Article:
Other formats

    TEI XML file   ePub eBook file  


    mail icontwitter iconBlogspot iconrss icon

Medical Units of 2 NZEF in Middle East and Italy

4 MDS Sets Up at Atessa

4 MDS Sets Up at Atessa

During the early hours of 19 November, 6 Brigade moved up to occupy front-line positions overlooking the road and the river flats between two tributary streams of the Sangro, the Pianello and the Apello. The trucks of 4 Field Ambulance had to struggle painfully over crowded mountain roads, rapidly breaking up under heavy traffic and constant rain, to reach Gissi, where it was intended the MDS should operate in the coming battle. Although the distance to the forward dressing stations was not great, it soon became apparent that the time taken to traverse the winding hill roads with their many demolitions was far too long to suit the needs of an efficient medical service. Consequently, on the 20th the reception, evacuation, and operating sections, together with the transfusion unit, cooks' and orderly-room trucks and signal van, moved ten miles in the pouring rain to Atessa. At Gissi 5 Field Ambulance, moving up from San Buono, took over the building to run an MDS for sick, and 6 Field Ambulance reached the town on 23 November.

Faced with the task of taking all New Zealand cases and doing all the operative work in the coming action, 4 Field Ambulance established an MDS in the civil hospital in Atessa, which it took over from 6 ADS. The building, which had been knocked about by shelling and the roof repaired with canvas, was still occupied in parts by nuns engaged in nursing civilian sick and wounded in wards on the ground floor. It was decided that the civil hospital was too cramped for use other than as an operating centre. Part of the unit, therefore, moved into the school and established a page 317 dressing station, sending the cases requiring operation to the surgical centre in the hospital building, which was equipped with two theatres. Capt A. W. Douglas, with his surgical team, and Capt J. M. Staveley, with the transfusion unit, had joined the MDS for the coming battle.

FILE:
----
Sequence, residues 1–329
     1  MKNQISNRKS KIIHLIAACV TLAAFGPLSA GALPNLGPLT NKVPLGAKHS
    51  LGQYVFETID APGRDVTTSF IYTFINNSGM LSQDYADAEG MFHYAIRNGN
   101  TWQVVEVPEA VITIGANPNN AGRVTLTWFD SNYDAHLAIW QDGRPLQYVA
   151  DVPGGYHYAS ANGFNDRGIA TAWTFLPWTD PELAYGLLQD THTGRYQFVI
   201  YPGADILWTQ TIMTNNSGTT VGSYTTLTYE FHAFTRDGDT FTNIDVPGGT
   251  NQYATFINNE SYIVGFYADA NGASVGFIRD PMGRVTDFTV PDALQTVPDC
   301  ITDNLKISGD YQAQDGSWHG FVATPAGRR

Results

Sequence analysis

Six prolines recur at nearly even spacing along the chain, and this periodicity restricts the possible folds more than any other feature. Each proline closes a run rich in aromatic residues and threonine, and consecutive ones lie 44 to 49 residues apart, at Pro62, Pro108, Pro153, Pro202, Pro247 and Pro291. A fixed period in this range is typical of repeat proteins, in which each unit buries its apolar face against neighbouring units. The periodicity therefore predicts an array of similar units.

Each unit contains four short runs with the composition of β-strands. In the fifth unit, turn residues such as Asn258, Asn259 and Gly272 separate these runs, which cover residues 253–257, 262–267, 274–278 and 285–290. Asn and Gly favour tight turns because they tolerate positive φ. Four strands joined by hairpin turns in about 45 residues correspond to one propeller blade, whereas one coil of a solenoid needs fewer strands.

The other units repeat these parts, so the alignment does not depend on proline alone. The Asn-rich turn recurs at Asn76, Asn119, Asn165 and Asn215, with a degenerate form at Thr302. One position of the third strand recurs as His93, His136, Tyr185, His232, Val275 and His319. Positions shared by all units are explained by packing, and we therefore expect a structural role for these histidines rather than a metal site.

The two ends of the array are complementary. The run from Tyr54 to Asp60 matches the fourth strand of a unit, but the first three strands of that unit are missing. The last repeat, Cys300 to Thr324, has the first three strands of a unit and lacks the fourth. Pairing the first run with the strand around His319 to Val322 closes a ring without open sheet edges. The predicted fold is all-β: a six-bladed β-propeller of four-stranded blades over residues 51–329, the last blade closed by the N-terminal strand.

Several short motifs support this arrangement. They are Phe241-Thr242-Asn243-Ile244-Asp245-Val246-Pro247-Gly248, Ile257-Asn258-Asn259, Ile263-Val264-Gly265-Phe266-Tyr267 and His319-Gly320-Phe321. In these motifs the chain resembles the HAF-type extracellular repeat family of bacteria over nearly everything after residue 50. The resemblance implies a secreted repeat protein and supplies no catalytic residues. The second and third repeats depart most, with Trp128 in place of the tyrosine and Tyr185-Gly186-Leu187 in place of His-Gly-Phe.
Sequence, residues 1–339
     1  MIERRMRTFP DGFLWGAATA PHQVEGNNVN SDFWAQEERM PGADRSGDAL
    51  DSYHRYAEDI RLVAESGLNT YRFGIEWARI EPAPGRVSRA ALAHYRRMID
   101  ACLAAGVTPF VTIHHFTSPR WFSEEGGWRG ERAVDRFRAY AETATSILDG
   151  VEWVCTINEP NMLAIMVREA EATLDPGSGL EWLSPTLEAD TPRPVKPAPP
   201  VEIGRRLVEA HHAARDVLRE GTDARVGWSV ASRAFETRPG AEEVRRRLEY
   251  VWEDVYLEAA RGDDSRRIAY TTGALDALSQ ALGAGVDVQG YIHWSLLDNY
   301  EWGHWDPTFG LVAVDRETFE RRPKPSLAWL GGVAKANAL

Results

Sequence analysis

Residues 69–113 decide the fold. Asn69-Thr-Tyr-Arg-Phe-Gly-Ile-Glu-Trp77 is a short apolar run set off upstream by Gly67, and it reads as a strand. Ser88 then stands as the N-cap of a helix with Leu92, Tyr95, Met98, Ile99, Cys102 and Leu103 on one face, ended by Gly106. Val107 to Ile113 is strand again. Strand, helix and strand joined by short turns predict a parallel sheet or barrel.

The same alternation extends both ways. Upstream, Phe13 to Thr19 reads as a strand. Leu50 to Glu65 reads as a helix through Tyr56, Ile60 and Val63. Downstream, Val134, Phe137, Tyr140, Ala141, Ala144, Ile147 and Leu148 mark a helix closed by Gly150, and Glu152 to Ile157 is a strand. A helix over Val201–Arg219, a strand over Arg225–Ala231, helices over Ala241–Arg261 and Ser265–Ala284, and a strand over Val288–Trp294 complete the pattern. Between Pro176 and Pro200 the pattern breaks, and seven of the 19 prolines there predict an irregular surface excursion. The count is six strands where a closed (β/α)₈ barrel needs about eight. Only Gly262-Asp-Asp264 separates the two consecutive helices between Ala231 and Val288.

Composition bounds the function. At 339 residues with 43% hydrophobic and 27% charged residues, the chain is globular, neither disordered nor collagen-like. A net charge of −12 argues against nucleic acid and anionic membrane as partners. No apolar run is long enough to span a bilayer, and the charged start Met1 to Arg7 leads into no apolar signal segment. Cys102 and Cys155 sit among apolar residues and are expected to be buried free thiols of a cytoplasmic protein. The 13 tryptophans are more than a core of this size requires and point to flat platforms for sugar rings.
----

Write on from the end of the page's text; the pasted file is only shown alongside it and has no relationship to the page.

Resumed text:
By the morning of 21 November New Zealand troops were securely established on the southern edge of the Sangro river flats. Orders were issued that 2 NZ Division would cross the Sangro and establish a bridgehead from which to continue the advance. However, weather interfered and the attack, which was to have been launched on the night of 21-22 November, was postponed from day to day. On the 26th the river was high and running 15 knots; patrols seeking crossing places were at times swept from their feet. Finally, zero hour was fixed at 2.45 a.m. on the 28th.